15 Gasoline via biomass gasification and methanol Natural gas: Commercial process for natural gas to methanol to gasoline since the 1980s. Wood as feed: Haldor Topsoe Andritz Carbona GTI Demo plant commenced operations in Illinois USA, mid Colin Stucley BA VBN Meeting 23 May Page 15

16 Fast pyrolysis of biomass then upgrading: KiOR 500 dry ton/day commercial prototype in USA. Makes drop in hydrocarbons. Feed is southern yellow pine. Colin Stucley BA VBN Meeting 23 May Page 16

17 Fast pyrolysis & upgrading: Envergent Ensyn: Commercial-scale pyrolysis plants (up to 100 TPD) operated for more than 20 years. Wood residues as feed. Envergent: joint venture with UOP: upgrading bio-oil through to drop in hydrocarbon fuels. Building demo plant in Hawaii for operation in Colin Stucley BA VBN Meeting 23 May Page 17

18 Fast pyrolysis & upgrading: IFPEN/Axens & Dynamotive Commercial plants for fast pyrolysis in Canada. Multiple wood feeds 100 TPD 200 TPD Upgrading to hydrocarbon transport fuels demonstrated in IFPEn & Axens working in France to commercialise upgrading technology. Colin Stucley BA VBN Meeting 23 May Page 18

19 Biomass to fuels at commercial scale: Product Pathway Feed Feed scale (dry tonne biomass/y) Ethanol hydrolysis & fermentation straw, wood 150,000 to > 300,000 Ethanol gasification & fermentation wood ~ 150,000 Ethanol +? gasification & catalysis MSW, wood ~ 100,000 Hydrocarbons pyrolysis & upgrading wood 50, ,000 Commercial for other feeds but not for biomass yet: Hydrocarbons gasification & FT or MTG coal, gas up to > 600,000 But are they economic? Feed costs? Can we get better at making biofuels? Colin Stucley BA VBN Meeting 23 May Page 19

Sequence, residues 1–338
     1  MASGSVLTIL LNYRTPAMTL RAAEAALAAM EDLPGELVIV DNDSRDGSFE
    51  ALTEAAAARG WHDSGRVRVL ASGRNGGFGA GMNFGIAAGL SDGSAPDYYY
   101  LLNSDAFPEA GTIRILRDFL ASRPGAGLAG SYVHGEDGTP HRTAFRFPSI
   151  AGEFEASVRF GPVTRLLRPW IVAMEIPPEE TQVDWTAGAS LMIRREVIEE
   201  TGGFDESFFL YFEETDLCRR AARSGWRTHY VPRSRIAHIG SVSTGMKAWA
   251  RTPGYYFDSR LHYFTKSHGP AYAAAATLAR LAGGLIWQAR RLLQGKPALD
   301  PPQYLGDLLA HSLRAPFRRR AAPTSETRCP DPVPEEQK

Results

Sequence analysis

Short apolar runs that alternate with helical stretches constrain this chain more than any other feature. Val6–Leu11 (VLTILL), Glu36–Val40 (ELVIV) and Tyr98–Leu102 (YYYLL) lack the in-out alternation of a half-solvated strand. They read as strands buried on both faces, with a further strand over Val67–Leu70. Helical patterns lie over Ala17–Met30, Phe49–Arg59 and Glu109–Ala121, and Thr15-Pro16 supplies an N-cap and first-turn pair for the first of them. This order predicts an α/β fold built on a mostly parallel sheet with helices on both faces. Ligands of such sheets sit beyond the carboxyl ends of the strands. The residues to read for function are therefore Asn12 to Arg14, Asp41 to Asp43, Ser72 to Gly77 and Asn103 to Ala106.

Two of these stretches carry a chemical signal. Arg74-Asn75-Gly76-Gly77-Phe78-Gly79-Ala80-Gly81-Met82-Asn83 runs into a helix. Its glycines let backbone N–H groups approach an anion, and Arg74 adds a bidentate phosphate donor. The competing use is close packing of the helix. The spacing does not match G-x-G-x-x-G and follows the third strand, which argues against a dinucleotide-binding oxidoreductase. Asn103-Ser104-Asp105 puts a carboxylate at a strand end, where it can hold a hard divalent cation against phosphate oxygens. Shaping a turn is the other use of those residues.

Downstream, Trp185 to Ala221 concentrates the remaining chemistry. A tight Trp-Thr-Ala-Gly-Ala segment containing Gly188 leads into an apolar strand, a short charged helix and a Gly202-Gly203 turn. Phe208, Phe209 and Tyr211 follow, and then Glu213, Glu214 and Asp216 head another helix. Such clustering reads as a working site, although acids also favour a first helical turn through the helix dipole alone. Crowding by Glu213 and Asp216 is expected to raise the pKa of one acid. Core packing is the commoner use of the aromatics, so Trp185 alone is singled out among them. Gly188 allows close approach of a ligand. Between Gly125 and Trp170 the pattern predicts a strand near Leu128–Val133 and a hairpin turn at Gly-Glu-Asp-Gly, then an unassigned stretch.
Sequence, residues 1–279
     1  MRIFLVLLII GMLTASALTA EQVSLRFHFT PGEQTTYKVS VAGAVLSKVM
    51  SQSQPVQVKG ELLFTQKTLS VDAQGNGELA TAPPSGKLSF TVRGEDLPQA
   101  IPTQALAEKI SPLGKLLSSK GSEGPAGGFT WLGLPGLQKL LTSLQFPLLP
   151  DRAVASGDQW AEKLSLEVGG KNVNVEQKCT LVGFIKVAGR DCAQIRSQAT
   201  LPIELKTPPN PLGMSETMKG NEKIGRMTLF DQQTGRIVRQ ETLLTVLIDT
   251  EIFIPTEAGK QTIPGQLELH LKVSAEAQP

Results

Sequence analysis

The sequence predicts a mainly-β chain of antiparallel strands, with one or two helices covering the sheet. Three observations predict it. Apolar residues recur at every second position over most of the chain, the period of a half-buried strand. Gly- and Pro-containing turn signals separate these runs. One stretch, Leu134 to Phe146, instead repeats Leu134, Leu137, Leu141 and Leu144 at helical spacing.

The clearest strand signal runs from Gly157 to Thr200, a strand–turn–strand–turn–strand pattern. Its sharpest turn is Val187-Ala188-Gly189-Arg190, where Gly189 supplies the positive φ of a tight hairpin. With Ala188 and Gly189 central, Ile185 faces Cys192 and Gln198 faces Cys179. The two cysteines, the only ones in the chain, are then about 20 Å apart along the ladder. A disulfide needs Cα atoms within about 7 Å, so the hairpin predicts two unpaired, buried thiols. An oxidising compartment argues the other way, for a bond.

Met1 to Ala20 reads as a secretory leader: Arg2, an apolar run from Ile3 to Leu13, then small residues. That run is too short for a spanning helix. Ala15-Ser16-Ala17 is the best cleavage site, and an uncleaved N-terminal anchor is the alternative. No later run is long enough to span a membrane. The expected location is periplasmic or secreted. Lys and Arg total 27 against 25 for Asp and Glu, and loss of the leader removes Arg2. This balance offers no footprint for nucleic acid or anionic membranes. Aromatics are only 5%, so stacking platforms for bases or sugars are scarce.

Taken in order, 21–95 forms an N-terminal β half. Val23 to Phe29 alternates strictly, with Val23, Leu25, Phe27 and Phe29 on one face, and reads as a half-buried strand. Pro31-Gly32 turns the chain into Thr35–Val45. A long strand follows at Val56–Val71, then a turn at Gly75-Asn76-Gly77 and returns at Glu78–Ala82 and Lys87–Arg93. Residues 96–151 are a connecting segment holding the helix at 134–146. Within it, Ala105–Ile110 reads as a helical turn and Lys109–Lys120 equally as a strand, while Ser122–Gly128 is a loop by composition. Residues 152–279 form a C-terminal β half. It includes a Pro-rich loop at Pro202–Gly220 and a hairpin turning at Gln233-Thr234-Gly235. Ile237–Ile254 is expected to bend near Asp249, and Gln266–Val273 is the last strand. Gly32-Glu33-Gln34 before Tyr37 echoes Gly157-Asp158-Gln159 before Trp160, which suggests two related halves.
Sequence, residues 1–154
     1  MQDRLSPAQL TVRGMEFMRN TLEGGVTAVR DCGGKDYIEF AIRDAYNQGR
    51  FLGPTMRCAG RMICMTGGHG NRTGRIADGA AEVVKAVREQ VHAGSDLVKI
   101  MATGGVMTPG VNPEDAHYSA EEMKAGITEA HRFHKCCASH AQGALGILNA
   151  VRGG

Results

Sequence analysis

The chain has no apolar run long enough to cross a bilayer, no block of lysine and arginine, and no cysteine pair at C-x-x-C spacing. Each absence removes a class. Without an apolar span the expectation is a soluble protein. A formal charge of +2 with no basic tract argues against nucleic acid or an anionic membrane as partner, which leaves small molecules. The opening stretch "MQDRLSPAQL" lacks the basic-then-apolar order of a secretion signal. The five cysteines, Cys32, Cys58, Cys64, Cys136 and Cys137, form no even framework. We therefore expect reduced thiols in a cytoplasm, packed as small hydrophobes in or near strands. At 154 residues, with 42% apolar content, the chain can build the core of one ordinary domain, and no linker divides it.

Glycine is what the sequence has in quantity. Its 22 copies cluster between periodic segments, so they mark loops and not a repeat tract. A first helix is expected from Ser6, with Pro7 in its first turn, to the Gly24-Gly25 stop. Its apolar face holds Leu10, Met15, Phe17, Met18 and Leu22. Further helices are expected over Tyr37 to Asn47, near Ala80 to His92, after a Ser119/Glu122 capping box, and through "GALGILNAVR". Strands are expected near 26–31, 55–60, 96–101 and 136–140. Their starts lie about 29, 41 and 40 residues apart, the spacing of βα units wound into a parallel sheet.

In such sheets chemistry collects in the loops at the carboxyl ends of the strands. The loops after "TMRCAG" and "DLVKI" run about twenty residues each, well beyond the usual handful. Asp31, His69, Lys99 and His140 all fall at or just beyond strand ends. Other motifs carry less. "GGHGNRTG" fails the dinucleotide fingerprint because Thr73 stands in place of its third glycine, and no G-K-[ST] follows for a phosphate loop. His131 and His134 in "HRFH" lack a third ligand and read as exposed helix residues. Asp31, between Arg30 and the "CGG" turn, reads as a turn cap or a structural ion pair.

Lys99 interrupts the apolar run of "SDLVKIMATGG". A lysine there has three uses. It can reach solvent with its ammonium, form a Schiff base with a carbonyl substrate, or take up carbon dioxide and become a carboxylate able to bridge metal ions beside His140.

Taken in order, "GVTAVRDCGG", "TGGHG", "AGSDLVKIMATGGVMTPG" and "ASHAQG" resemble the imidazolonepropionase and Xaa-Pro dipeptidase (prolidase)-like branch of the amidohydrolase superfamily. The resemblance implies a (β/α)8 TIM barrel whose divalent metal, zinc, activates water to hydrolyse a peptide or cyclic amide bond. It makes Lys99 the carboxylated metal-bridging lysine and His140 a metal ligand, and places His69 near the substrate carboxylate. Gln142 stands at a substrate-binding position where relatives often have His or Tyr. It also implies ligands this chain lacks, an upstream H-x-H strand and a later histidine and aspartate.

20 What is the (hypothetical) long term price for wood feed? Cost components of biofuel (cents /litre) Incremental cost of wood feed, at 300 litre of fuel per dry tonne of wood Mature production costs and capital recovery (NREL report, 2011) Cost of wood feed ($/dry tonne) 105 Colin Stucley BA VBN Meeting 23 May Page 20

21 Pursuit of lower costs: learning by doing Colin Stucley BA VBN Meeting 23 May Page 21

22 Novozyme - enzyme costs coming down Colin Stucley BA VBN Meeting 23 May Page 22

23 Other examples: Solar energy Colin Stucley BA VBN Meeting 23 May Page 23

24 Other examples: Wind energy Colin Stucley BA VBN Meeting 23 May Page 24

25 Process industry cost reductions over time From: Process Industry Economics, by David Brennan Monash University Colin Stucley BA VBN Meeting 23 May Page 25

26 Summary Multiple advanced biofuel technologies are starting commercial operation overseas. Can we utilise them in Australia? 1. Large, long term, local fuel market that is increasing in value 2. Technologies de-risked overseas = lower costs for capital here 3. Scale important for feedstock supply 4. Lower value feeds can help start an industry that is expected to use large amounts of dedicated material in the future 5. Where to now? Feeds and technologies are available. To start an industry we need commercial examples. Can we secure fuel contracts? Can we secure funds for showcase projects? Colin Stucley BA VBN Meeting 23 May Page 26

27 Colin Stucley, Director - Enecon Pty Ltd Suite 5, 651 Canterbury Rd, Surrey Hills, Vic Tel. (61 3) Thank you questions? Colin Stucley BA VBN Meeting 23 May Page 27